The Water Cycle
Water in a Pool
All the equilibria in the pool water chemistry are pH controlled. pH is a measure of the hydrogen ion concentration. The following diagram shows how water molecules dissociate into ions, the ions are a measure of how acid or alkali the solution is.
In pool water disinfection, the important equation takes hypochorus acid to hypochlorite acid. Hence, if the pH rises, the hydrogen ion concentration rises, and the equilibrium goes to the left, promoting formation of hypochlorus acid, and decreasing the amount of hypochlorite acid.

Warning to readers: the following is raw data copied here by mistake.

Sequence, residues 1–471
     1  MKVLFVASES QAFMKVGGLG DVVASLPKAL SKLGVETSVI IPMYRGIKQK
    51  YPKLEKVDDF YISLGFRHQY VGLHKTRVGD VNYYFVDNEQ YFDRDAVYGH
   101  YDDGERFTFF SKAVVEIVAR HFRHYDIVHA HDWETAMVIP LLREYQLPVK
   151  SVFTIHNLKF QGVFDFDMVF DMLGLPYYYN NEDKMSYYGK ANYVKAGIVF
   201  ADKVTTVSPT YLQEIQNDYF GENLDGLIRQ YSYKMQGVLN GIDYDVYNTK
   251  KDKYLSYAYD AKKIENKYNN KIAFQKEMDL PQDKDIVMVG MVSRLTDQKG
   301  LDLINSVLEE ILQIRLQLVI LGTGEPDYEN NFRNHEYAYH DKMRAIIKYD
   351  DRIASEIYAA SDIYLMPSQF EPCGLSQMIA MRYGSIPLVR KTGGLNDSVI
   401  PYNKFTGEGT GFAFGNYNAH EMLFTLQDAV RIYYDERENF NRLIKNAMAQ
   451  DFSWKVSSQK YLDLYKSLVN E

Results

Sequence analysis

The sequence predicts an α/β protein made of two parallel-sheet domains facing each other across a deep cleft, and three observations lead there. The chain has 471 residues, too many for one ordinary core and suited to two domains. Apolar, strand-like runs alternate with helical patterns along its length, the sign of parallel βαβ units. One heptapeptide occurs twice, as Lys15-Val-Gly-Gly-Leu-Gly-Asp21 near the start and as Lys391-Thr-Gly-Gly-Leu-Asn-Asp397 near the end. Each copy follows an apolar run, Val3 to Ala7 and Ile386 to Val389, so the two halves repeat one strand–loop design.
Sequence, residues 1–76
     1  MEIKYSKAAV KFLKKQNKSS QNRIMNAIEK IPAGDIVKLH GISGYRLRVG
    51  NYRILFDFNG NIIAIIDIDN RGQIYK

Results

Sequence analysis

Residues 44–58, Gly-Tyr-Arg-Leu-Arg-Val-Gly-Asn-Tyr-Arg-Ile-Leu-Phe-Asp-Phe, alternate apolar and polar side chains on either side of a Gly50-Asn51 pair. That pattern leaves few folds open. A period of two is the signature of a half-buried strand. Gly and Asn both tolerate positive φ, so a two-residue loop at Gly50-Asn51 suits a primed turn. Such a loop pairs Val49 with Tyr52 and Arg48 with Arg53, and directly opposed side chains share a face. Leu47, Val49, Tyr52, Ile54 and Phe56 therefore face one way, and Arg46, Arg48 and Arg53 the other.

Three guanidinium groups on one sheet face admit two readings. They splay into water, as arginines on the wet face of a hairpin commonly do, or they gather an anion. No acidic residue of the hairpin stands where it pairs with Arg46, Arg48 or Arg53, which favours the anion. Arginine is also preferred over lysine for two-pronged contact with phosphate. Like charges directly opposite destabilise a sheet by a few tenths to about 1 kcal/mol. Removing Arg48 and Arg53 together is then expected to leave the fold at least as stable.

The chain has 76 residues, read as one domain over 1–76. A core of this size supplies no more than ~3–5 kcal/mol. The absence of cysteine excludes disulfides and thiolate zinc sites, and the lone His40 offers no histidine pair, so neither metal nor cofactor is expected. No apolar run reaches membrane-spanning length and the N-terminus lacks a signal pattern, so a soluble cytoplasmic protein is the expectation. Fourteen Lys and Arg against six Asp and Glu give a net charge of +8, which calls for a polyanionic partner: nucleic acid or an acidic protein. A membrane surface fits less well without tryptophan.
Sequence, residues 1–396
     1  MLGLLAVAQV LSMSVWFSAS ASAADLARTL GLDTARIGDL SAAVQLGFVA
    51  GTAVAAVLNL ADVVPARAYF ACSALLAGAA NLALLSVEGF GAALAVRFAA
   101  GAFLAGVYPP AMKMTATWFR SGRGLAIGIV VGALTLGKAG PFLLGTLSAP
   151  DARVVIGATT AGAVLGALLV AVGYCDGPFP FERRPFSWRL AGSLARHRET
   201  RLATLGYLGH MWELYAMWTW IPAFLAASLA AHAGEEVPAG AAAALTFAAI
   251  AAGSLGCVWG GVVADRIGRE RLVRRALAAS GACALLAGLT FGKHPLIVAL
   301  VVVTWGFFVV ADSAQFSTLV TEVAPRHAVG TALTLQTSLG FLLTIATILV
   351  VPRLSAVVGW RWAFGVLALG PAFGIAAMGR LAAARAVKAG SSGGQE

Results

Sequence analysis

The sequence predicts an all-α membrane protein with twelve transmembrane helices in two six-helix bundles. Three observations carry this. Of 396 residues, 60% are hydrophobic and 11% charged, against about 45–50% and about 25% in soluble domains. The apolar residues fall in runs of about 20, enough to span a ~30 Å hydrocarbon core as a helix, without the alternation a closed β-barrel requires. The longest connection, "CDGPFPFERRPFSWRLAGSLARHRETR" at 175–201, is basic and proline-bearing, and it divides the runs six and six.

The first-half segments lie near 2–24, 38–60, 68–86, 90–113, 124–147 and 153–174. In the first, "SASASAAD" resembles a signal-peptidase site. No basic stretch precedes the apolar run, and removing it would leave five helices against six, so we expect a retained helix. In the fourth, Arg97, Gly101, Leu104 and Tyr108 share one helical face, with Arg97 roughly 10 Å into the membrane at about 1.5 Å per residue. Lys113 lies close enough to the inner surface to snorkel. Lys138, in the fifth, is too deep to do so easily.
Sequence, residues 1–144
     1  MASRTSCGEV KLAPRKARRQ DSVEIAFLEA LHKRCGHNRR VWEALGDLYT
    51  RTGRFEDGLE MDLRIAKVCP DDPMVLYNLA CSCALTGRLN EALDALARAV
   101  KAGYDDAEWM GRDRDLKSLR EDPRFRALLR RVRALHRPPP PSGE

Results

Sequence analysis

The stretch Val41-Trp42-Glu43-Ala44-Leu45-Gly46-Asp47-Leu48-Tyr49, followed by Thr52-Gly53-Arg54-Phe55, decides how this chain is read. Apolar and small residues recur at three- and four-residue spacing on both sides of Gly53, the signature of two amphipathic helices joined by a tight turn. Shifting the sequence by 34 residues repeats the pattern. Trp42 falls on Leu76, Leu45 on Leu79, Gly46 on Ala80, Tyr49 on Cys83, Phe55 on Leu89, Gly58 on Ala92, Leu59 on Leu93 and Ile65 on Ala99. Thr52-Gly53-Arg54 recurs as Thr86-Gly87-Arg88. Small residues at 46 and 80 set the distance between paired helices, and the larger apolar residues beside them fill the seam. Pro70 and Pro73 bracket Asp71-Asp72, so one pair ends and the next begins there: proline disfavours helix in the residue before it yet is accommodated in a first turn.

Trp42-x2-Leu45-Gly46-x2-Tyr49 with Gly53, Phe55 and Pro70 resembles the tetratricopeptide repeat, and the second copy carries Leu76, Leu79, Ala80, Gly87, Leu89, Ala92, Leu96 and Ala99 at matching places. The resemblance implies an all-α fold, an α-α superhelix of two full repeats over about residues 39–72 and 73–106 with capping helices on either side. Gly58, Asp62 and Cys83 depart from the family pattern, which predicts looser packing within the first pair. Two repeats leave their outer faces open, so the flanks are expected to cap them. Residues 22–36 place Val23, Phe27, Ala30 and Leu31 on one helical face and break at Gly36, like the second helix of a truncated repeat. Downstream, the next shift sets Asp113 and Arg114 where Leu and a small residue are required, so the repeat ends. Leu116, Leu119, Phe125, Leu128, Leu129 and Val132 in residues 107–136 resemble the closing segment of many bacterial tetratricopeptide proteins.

Hypochlorus acid is the stronger acid, so a high pH can severely reduce disinfecting properties of chlorine, although free chlorine is kept relatively low.
The addition of chlorine gas will reduce the pH, the addition of sodium hypochlorite will increase it. Most disinfectants generally work best at low pH.
Coagulants also work best at a certain pH, Aluminium ones work best at 6.5 - 7.2 whereas iron based coagulants work best at 7.2 - 7.8.